Robotics Institute Celebrates 30th Anniversary
And First National Robotics Week, April 15-16
PITTSBURGH—Carnegie Mellon University will celebrate the 30th anniversary of its pioneering Robotics Institute and commemorate the first National Robotics Week with special exhibits, lectures and demonstrations April 15-16 in conjunction with the university's annual Spring Carnival.
The Robotics Institute, founded in 1979, is the world's largest robotics research and education center with about 350 full- and part-time employees and a $55 million annual research budget. National Robotics Week, April 10-18, is aimed at increasing public awareness of the growing importance of robotic technology and the tremendous social and cultural impact that it will have on the future of the United States.
Adrien Treuille, assistant professor of computer science and robotics, will discuss "Next-Generation Interactive Simulation" as he presents the Teruko Yata Memorial Lecture at 4 p.m., Thursday, April 15 in the Rashid Auditorium, room 4401 of the Gates and Hillman centers on the Carnegie Mellon campus. Treuille, recognized last year by Technology Review magazine as one of the world's top 35 innovators under the age of 35, specializes in developing real-time computer simulation techniques, including the Emmy-nominated Draft Track effect for NASCAR broadcasts and the Foldit online game to help scientists solve the protein-folding problem.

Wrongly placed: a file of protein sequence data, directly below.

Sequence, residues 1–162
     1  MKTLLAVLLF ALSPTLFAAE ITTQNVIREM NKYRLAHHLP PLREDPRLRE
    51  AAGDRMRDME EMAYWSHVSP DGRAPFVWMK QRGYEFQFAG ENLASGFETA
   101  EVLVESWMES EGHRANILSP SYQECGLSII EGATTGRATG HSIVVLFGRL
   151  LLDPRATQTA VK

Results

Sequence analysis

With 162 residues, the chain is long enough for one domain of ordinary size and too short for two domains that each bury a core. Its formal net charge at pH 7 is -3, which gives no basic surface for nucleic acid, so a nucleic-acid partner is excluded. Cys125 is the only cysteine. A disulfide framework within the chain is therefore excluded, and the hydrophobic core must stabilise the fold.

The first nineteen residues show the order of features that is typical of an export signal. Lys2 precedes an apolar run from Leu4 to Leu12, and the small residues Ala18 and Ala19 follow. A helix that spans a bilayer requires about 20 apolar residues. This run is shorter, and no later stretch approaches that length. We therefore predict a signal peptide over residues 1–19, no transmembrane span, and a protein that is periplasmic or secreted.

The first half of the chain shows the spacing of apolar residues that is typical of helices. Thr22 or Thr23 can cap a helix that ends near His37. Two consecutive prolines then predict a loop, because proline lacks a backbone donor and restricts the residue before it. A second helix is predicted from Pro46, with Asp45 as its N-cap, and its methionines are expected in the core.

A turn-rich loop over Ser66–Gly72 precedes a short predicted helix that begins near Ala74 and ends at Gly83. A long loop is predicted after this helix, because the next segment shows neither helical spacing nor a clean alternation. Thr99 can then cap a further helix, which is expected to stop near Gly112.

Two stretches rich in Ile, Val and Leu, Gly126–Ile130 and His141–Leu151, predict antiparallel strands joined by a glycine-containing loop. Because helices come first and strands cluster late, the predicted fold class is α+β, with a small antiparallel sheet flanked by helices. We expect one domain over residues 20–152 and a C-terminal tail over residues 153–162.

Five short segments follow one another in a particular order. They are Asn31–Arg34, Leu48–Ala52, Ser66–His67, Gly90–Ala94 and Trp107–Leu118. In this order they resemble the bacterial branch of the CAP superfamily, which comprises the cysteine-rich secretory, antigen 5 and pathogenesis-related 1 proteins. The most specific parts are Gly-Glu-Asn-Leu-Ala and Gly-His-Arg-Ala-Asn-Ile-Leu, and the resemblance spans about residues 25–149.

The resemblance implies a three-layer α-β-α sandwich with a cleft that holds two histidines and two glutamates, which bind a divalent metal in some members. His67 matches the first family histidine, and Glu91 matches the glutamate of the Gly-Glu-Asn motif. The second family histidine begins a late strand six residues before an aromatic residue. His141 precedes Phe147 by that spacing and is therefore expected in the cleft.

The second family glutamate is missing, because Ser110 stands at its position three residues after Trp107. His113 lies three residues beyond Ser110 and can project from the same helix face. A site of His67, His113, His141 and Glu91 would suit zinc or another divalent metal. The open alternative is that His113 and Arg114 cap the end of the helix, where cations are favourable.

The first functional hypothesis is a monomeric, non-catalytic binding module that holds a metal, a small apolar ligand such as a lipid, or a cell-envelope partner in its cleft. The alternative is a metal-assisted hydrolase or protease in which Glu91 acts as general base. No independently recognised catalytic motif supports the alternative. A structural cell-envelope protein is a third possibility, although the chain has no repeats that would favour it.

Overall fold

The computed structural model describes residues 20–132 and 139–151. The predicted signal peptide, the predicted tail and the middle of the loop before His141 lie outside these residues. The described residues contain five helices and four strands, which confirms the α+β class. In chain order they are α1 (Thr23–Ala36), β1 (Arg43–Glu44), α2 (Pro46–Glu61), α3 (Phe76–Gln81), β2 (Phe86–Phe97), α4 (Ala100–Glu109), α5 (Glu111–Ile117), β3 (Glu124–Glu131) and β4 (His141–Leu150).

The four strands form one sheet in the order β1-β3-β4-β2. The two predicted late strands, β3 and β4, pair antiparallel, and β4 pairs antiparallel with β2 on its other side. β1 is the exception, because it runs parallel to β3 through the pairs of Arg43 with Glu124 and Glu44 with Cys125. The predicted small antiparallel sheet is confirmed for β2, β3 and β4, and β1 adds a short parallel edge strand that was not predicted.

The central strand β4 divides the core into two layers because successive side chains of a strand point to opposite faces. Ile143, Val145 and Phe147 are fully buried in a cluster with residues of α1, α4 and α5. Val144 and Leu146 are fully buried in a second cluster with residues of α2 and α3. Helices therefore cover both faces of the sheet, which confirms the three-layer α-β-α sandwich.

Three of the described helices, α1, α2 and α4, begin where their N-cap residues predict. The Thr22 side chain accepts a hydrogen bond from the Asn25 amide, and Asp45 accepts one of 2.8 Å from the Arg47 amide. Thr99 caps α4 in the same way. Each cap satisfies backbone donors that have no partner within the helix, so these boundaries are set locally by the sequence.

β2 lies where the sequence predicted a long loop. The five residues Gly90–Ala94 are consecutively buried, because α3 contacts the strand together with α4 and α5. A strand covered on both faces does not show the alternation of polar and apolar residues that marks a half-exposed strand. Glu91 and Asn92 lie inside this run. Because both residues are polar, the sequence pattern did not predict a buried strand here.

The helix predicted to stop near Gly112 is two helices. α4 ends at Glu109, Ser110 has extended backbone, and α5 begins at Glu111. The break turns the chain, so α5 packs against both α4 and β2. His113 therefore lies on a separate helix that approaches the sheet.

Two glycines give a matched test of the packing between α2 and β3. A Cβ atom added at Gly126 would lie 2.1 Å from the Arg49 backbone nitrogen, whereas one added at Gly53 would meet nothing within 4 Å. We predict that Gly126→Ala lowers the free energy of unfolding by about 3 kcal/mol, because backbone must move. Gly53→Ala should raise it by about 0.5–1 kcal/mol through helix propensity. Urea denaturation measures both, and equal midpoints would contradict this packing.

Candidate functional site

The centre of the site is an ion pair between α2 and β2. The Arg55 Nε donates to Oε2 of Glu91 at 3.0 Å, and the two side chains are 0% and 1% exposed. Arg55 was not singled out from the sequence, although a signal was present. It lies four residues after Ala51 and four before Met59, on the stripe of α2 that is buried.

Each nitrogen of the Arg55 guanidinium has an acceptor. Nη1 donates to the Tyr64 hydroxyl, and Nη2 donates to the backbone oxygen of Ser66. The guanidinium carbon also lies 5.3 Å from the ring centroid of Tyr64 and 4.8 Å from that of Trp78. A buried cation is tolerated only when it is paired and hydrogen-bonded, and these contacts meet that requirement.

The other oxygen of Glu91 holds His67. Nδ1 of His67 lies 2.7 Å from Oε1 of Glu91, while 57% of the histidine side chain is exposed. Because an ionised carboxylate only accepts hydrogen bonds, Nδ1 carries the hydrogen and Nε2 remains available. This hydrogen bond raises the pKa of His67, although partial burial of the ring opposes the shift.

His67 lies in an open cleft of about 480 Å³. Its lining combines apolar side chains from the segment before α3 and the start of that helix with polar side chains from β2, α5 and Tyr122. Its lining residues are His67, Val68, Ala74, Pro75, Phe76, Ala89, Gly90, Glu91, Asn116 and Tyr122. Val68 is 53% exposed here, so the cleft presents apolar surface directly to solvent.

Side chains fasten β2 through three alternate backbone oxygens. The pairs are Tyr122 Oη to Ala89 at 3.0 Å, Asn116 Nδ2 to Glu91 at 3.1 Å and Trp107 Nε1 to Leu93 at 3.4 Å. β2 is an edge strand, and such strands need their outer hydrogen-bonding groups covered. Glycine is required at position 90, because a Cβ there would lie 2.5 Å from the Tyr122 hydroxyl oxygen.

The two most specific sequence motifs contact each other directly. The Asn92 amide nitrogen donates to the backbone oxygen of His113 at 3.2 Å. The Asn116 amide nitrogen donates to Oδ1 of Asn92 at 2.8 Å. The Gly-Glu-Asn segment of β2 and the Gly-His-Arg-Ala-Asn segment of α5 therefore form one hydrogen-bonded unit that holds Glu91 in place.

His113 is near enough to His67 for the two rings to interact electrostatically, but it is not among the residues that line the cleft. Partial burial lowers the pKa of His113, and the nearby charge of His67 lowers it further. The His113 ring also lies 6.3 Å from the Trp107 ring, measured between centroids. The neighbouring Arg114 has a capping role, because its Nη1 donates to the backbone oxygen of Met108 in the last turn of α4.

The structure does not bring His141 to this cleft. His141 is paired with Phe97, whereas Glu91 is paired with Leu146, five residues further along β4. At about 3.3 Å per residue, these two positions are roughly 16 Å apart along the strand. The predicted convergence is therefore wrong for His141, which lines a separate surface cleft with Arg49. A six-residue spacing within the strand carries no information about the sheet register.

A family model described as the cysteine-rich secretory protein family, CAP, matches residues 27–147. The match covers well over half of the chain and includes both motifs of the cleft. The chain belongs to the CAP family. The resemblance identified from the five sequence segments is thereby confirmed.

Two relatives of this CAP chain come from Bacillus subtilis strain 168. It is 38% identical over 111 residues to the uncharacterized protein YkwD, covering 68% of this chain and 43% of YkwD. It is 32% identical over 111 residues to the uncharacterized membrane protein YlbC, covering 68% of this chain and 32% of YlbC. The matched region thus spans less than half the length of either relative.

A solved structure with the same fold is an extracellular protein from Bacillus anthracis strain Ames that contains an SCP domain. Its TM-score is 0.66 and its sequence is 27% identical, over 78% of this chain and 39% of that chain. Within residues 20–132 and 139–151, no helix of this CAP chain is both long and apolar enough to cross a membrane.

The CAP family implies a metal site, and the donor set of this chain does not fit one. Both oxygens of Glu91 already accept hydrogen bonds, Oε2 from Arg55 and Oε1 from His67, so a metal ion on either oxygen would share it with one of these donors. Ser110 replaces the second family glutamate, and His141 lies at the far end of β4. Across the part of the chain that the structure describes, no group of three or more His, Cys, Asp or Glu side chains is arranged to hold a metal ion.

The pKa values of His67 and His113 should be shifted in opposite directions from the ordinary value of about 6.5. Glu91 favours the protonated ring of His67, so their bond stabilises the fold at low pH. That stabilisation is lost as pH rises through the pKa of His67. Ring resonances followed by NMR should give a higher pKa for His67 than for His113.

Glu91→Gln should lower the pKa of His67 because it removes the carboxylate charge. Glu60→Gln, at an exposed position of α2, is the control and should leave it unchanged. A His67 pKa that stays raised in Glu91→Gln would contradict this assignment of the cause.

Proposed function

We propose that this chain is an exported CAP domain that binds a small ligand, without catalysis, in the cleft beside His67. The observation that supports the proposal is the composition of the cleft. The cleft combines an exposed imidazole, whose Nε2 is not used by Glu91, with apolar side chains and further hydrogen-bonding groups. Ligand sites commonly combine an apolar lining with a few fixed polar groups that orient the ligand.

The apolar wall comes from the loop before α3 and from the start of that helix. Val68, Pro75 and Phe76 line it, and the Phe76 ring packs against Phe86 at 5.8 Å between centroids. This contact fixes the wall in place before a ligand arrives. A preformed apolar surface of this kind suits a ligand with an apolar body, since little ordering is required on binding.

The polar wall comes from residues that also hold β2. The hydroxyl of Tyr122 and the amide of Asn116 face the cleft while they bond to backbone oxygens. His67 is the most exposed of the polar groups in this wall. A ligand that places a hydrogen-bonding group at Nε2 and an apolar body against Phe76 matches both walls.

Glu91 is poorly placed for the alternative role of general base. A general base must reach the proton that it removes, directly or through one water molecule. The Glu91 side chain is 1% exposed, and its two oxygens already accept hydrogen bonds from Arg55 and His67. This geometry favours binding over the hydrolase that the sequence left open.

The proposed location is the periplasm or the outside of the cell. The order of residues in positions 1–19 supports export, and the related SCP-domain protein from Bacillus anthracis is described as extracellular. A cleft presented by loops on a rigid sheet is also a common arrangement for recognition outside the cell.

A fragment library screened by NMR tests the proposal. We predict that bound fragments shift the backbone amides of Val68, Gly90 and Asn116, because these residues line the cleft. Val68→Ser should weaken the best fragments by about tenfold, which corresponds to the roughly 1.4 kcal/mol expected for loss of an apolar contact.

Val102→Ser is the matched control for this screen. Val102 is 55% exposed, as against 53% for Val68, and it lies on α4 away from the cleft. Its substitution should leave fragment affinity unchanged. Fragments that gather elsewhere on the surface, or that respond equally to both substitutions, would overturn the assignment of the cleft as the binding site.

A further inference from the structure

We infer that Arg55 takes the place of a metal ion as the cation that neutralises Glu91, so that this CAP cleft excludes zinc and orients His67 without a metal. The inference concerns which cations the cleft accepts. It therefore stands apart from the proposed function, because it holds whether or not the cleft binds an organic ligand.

At noon Friday, the School of Computer Science will host the 16th annual Mobot (Mobile Robot) Races, a slalom race for small, autonomous robots on the campus mall in front of Wean Hall. Teams of students, alumni and other people associated with the university will vie for cash prizes, including $1,000 for first place.
Matt Mason, director of the Robotics Institute, will present the Robot 30 lecture at the Mobot awards ceremony at 3 p.m. in the Rashid Auditorium. Mason will review the history of the institute and the advances that have occurred in robotics technology since its founding by professors Raj Reddy and Angel Jordan, and Tom Murrin, then a Westinghouse Electric Corp. executive.
From 11:30 a.m. to 2 p.m. Friday, the Robotics Institute's ChargeCar electric vehicle conversion project will display its electric test bed vehicle on the campus lawn between the University Center and the Purnell Center for the Arts. From 4 to 6 p.m. Friday, researchers will be displaying and demonstrating more than a dozen robots in the Planetary Robotics Center high bay on the first floor of the Gates and Hillman centers.
"During National Robotics Week, we are asking people to 'experience the possibilities' that come from using robotics technology in everyday life," said Rep. Mike Doyle, D-Pittsburgh, who sponsored the House resolution establishing the week-long event along with other members of the Congressional Caucus on Robotics. "From schools to the workplace to healthcare, robotics will play a huge role in making life easier for everyone and will be a significant area of job growth and development in the decades ahead."
For more information on National Robotics Week, visit the Web at http://www.nationalroboticsweek.org/.
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